Recent polls suggest that a rerun referendum on Scottish independence would be a tight affair. Yet a worsening cost of living crisis and further de-Europeanisation efforts by Westminster may tilt the scales decisively toward ‘leave’.

Rejoining the EU is certain to feature heavily in any campaign but this too will be far from straightforward.

Back of the queue?

General consensus suggests that Scotland would meet the EU’s technical criteria rather easily, given that it was a part of the Union for more than 40 years. Its legal system and other norms are likely largely in line with the Copenhagen membership requirements.

But EU enlargement is now a complex beast and is a Gordian Knot of vested and national interests, international politicking and economic concerns. Ukraine’s recent application has brought the most complex part of EU politics back into the limelight.

Commission President Ursula von der Leyen said yesterday that all three new applicants have their EU destinies in their own hands. But this is only partly true.

As Albania and North Macedonia – whose progress has been blocked by internal politics elsewhere – can attest, if your timing is not right and you are overtaken by geopolitical events, your applications can completely lose momentum.

Scotland too might fall victim to factors outside of its control. If there is even a whiff of irregularity about its independence process, it could trigger vetoes among the existing EU members.

Spain is an obvious candidate for this, given its government’s Catalonia issues. Others like Romania, which for example does not recognise Kosovo, might also view an application unfavourably. Central and Eastern European countries might also take offence that Scotland would essentially jump the queue to get back in.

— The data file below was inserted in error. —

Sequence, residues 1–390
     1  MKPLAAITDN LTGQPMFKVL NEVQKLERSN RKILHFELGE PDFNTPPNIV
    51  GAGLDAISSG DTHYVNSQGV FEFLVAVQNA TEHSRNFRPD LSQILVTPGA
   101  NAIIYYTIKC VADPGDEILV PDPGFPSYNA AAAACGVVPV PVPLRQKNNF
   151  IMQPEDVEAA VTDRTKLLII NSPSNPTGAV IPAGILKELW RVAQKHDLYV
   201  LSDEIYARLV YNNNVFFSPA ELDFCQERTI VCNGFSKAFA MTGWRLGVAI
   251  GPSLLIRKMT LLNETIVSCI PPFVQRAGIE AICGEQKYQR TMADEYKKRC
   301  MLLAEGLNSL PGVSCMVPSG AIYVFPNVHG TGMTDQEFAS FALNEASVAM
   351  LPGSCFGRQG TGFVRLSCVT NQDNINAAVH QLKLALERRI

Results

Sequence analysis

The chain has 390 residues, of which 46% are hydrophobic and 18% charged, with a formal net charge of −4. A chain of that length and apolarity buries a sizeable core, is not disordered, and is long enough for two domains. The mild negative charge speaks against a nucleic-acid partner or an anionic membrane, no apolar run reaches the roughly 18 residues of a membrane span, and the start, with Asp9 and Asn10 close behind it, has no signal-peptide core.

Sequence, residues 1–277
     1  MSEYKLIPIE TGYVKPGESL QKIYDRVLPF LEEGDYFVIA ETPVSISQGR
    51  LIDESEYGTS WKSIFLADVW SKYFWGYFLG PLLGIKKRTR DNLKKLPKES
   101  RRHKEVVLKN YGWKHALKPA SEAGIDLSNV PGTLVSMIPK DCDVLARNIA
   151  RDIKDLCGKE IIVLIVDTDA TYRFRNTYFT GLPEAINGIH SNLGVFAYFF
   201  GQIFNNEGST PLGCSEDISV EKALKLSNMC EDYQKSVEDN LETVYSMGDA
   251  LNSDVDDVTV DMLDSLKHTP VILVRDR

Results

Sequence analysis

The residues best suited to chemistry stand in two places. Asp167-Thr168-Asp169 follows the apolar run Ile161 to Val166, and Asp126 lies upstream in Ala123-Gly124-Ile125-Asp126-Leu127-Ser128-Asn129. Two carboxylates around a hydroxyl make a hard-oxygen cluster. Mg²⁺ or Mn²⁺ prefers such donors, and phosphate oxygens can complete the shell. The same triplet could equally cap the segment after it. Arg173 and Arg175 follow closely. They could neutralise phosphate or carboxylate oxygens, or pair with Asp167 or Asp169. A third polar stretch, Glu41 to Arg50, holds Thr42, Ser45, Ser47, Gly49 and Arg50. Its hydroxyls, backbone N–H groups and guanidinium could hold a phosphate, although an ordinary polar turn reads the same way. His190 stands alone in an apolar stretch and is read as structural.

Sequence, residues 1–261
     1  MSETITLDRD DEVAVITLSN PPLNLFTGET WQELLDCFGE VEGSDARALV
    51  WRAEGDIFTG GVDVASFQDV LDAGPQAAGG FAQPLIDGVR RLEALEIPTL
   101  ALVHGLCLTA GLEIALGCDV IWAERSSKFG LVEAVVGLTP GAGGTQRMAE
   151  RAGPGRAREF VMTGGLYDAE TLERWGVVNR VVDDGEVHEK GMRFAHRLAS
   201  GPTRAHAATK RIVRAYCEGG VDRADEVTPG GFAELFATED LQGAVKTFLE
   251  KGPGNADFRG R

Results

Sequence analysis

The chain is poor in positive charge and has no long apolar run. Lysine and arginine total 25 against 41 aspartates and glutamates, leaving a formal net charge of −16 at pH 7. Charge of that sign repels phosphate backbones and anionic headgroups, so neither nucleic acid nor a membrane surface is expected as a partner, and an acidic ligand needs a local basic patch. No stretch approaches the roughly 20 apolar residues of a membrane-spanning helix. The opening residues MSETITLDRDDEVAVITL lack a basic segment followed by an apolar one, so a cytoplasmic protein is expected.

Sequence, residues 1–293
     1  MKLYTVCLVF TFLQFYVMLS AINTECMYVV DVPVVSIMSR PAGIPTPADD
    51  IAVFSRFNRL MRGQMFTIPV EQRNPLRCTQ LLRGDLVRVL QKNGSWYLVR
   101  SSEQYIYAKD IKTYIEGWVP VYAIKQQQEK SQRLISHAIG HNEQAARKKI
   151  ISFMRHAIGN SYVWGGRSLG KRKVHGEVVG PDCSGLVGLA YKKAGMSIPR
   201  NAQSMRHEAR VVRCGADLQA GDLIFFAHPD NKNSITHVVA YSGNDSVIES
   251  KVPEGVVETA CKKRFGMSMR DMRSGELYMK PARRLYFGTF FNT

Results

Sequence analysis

The membership eco-system may also have changed by the time an independent Scotland makes its EU bid.

Emmanuel Macron has attempted to mould the debate along lines of his choosing by suggesting that a new political community could be set up for prospective candidates. It would offer a taste of EU membership and help prepare members for full accession.

Countries already in the queue are not overly keen on this idea as they see it as an attempt to replace membership with a separate, less lucrative club. Council President Charles Michel insists this is not the case but there is likely a sliver of truth to it.

Would Scotland be required to sit in this waiting room for an indefinite period of time before getting full-fat EU membership? Would countries that are struggling against the tide to implement reforms perceive quick accession as queue-jumping?

Von der Leyen was adamant during yesterday’s announcement that the entire enlargement process remains a merit-based undertaking. But it is far more complex than that and will face numerous stress tests in the coming years.

The first will be on 23 June at the Council summit, where the green light for Ukraine and Moldova’s candidate status is still far from a certainty.

 

BRUSSELS BEHIND THE SCENES is a weekly newsletter which brings the untold stories about the characters driving the policies affecting our lives. Analysis not found anywhere else, Sam Morgan helps you make sense of what is happening in Brussels. If you want to receive Brussels behind the scenes straight to your inbox every week, subscribe to the newsletter here.


Latest News

Copyright © 2021 The Brussels Times. All Rights Reserved.